After Granite Shoals residents expressed concern at the perceived lack of animal control enforcement in the city, Police Chief Gary Boshears explained that officers can’t respond to what they don’t know about.
During a previous City Council meeting, several residents suggested Granite Shoals needed stronger animal control ordinances. Residents also posted complaints on social media about dogs roaming loose in the city. During the City Council meeting May 25, Boshears asked residents to take another step in the process.
“The majority of the posts on (social media) are calls we’re not getting,” Boshears said.
The chief asked people to report unleashed animals to the police department at 830-598-4818.
Boshears also suggested pet owners get their animals microchipped, which greatly increases the chance they will be returned to them if picked up by animal services.
“The owners get the animals back 98 percent of the time if people keep the microchip information up to date,” Boshears said. “It’s not expensive. It’s not difficult at all.”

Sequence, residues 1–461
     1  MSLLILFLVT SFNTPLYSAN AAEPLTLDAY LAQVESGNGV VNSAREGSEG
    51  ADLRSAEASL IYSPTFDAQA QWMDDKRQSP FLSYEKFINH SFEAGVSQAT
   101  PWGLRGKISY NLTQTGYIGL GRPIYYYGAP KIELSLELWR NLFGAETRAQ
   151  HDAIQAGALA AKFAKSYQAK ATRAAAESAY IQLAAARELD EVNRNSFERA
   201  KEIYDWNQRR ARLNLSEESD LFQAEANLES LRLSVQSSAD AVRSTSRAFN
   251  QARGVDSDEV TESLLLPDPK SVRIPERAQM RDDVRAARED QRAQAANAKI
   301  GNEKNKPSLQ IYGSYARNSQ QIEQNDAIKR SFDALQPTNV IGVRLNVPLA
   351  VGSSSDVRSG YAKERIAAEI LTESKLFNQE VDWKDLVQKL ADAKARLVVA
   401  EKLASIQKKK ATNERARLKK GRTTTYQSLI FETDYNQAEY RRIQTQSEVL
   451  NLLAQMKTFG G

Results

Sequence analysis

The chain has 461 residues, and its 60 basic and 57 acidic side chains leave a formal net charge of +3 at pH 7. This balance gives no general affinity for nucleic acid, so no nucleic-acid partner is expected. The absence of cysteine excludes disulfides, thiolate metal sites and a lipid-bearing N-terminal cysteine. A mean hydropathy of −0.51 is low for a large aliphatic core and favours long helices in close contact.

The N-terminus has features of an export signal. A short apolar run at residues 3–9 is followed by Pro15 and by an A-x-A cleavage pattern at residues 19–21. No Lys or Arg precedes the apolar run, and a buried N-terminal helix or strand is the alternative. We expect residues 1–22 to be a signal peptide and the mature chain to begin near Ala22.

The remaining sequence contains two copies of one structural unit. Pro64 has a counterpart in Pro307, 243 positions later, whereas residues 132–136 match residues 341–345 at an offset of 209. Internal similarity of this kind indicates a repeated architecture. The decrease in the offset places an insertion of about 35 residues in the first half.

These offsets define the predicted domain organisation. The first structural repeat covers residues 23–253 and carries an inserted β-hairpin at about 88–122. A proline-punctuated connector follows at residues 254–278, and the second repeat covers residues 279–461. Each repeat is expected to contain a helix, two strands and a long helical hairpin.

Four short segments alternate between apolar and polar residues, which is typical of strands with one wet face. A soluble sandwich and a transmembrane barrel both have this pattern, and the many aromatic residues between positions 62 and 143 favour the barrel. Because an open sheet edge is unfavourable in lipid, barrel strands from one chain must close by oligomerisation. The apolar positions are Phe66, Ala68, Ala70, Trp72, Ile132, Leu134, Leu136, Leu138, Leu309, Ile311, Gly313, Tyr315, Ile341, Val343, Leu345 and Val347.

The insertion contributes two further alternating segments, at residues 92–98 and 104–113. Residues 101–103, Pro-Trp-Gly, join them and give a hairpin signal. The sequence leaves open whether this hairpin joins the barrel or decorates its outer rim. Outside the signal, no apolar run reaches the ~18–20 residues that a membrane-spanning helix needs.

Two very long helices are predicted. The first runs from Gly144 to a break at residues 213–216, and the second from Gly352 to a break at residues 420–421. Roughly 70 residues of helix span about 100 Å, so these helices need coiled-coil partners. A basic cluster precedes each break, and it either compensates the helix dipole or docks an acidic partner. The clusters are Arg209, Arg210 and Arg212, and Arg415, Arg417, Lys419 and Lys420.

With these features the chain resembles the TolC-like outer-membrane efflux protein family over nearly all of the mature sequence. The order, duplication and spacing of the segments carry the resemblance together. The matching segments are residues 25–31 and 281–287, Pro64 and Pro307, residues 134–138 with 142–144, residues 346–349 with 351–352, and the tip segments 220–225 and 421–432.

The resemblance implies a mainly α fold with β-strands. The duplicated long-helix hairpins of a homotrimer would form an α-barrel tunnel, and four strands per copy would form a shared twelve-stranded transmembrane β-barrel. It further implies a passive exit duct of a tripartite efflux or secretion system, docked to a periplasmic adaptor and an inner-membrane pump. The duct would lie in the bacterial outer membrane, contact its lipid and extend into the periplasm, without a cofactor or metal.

The service can run between $15 to $50, and Boshears noted the microchip costs are usually included when adopting animals from a shelter.
“Making the microchips a requirement — that’s the way to go,” he said.
The chief pointed out that while registration includes tags for an animal, a dog often loses its collar and corresponding identification when it escapes from a yard or home. A microchip, however, goes where the dog goes.
So far in 2021, the police department has impounded 43 animals and issued 49 citations, Boshears told the council. The animal control officer and other officers have responded to 530 calls for service regarding animals.
Since Oct. 1, Granite Shoals officers have transported 38 animals to the Hill Country Humane Society facility in Buchanan Dam. The city contracts with the shelter for a place to take unclaimed animals.
Residents previously suggested the city strengthen its animal control ordinances, especially when it comes to registration. Other ideas included having the city offer free dog registration for a month, setting up a registration booth at the monthly Granite Shoals Market Days, publicizing resources for low-cost vaccines, and hosting an informational meeting for residents.
Boshears noted that animal control officer Rey Salinas frequently checks animal registrations and issues citations if a dog or cat isn’t registered. Free registration comes with administrative costs, and the department already has been publicizing resources for low-cost vaccines.